It’s been dry here for the least few weeks so I have had to water the garden a little bit, something which I try to avoid. But with no noticeable rain for three of four weeks, I have to water especially those more sensitive plants (like melons or Swiss chard) – or frankly anything that started to droop – like the peppers. Most of the times, I have been able to use the water from our rain-catching “system” which has the capacity to capture and store 350 gallons of rain water. But yesterday, I had to use the well water – because our barrels were all empty..
Nonetheless, the tomatoes are coming – I am, at time, literally, with my elbows in tomatoes. Many end up in sauce, added to the pan that’s almost constantly simmering on the stove, cooled, pureed and refrigerated until the following Monday a.k.a. “canning day”.
Some tomatoes have been bred to process better: less seeds, meatier, hold their shape well. They are variously called “canning”, “processing” “Italian”, “paste” or “plum”. This year, I planted 2 kinds of canning tomatoes: Viva Italia and San Marzano sel. Redorta. I got the seeds for the San Marzano sel. Redorta from Seeds from Italy, a small company in New England, which I used the first time this year and that I am really liking. They are large plum tomatoes, that are vaguely pear-shape – definitively bigger tham the plum tomatoes I have grown so far. Yes, they are good for sauce but they are excellent in my Savory Oven Tomato Preserve (note for next year’s garden: more plum tomatoes!). The recipe is inspired by French “Confit”, a technique used to preserve meat (think Confit de Canard/ Duck Confit) using salt and fat (olive oil in Provence, goose or duck fat in Perigord and the French Southwest). Here the tomatoes are salted/sugared, drizzled with oil and baked for several hours in a very low oven. The roasting helps to dry the tomatoes – yet they don’t dry out because of the oil – and concentrates the flavors: the end product is like essence of tomatoes.
I read the original recipe in L’Ami des Jardins, a French gardening magazine I receive, but I modified it by omitting the garlic and by considerably lengthening the baking time. I also omitted the vinegar it was calling for at the end of the first baking, although a few drops of balsamic vinegar would probably enhance the flavors – Something I’ll try next time.
I pack the tomatoes in a wide mouth jar covered with oil and keep them in the fridge for a few weeks: they are great on sandwiches, as part of an antipasti tray, in savory tarts, with cold meats and with grilled meats. While the recipe extends the life of tomatoes, it’s not preserving them for the long term. Freeze if you want long-term storage. It’s so easy to make, I suggest you make a batch every time you have a few pounds of plum tomatoes on hand. After all it’s hardly a recipe at all, and the quantity are approximate.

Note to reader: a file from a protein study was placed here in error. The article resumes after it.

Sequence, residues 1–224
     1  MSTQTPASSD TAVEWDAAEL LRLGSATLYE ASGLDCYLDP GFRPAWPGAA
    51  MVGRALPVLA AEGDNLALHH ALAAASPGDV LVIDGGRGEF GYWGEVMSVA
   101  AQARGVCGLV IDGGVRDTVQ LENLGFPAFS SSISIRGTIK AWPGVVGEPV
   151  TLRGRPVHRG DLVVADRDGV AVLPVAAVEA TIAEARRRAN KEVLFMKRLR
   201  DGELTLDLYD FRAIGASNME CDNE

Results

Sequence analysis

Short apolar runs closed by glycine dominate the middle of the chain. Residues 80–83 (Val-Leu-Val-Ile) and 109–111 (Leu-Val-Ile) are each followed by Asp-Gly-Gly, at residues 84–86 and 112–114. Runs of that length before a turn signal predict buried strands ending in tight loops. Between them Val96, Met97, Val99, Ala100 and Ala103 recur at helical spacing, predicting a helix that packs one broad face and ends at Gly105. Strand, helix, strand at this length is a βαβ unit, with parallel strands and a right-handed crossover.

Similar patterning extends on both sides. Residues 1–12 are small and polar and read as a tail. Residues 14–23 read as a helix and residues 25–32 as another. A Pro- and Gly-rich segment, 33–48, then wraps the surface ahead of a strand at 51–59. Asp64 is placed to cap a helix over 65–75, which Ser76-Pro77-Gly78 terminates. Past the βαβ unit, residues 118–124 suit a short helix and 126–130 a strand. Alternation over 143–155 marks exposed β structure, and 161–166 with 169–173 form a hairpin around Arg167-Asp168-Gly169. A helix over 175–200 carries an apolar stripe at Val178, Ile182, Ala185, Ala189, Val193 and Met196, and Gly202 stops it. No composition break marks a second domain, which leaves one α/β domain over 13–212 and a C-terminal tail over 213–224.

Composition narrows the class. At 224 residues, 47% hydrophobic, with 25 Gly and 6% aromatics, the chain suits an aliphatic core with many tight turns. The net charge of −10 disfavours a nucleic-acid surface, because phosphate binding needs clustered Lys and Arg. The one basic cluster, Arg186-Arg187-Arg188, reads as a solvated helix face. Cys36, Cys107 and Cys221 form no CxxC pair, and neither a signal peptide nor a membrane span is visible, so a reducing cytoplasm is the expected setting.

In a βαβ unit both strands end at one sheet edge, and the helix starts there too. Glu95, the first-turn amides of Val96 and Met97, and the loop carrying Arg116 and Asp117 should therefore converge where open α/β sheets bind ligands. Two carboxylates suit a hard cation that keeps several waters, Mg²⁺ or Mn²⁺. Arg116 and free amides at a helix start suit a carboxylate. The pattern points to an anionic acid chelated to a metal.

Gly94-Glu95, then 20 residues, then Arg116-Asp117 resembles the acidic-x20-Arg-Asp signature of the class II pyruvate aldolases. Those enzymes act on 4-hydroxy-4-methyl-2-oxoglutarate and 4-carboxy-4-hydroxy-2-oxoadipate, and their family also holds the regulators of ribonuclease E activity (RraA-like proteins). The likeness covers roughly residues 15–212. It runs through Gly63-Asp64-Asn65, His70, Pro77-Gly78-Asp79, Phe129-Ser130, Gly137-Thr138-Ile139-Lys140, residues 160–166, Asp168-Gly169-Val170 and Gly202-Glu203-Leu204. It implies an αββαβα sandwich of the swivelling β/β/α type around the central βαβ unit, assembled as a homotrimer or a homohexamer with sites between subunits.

I tried the recipe with whole cherry tomatoes and although good, it’s not same at all: too much liquid remains to make it a “confit” but they are very tasty mixed with left over rice or with pasta. It’s handy to have a jar in the fridge for such meals!
One final comment: yes, the tomatoes spend a lot of time in the oven, but there is hardly any active time. Which makes it a perfect recipe to make on the week-end after you’ve hit the farmers’ market: the tomatoes turn into goodness while you go about your business (or your fun).
Savory Oven Tomato Preserve
4 lb Italian type tomatoes
2 Tablespoons sugar
1 Tablespoons salt
3 large sprigs of fresh rosemary or 6 large sprigs of thyme
The prior evening:
· Wash, halve and core the tomatoes
· Generously oil a rimmed cookie sheet (or two depending on their size). Fit tomatoes snuggly (they should touch) on the cookie sheet, cut-side up. Sprinkle them with the salt & and 1 tablespoon sugar. Drizzle with additional olive oil.
· Bake in 215°F oven for 3 hours. Check mid-way and drizzle additional oil if the tomatoes seem to be drying too fast. Rotate the cookie sheets if using several. Turn the oven off and let the tomatoes rest overnight.
In the morning:
· Strip the leaves of the rosemary and chop them (Strip the thyme leaves if that’s what you are using: no need to chop them). Scatter over the tomatoes. Drizzle with more oil and the other tablespoon of sugar.
· Bake in 215°F oven for 2 1/2 hours
· Let cool until easy to handle. Pack tightly in a glass jar, pour the juice collected in the pans on top, use a knife to get the air bubbles out. Add additional olive oil as needed to cover all the tomatoes. As you are using them, make sure the remaining tomatoes are covered with oil.
· Keep refrigerated for 2 or 3 weeks. Freeze for longer storage.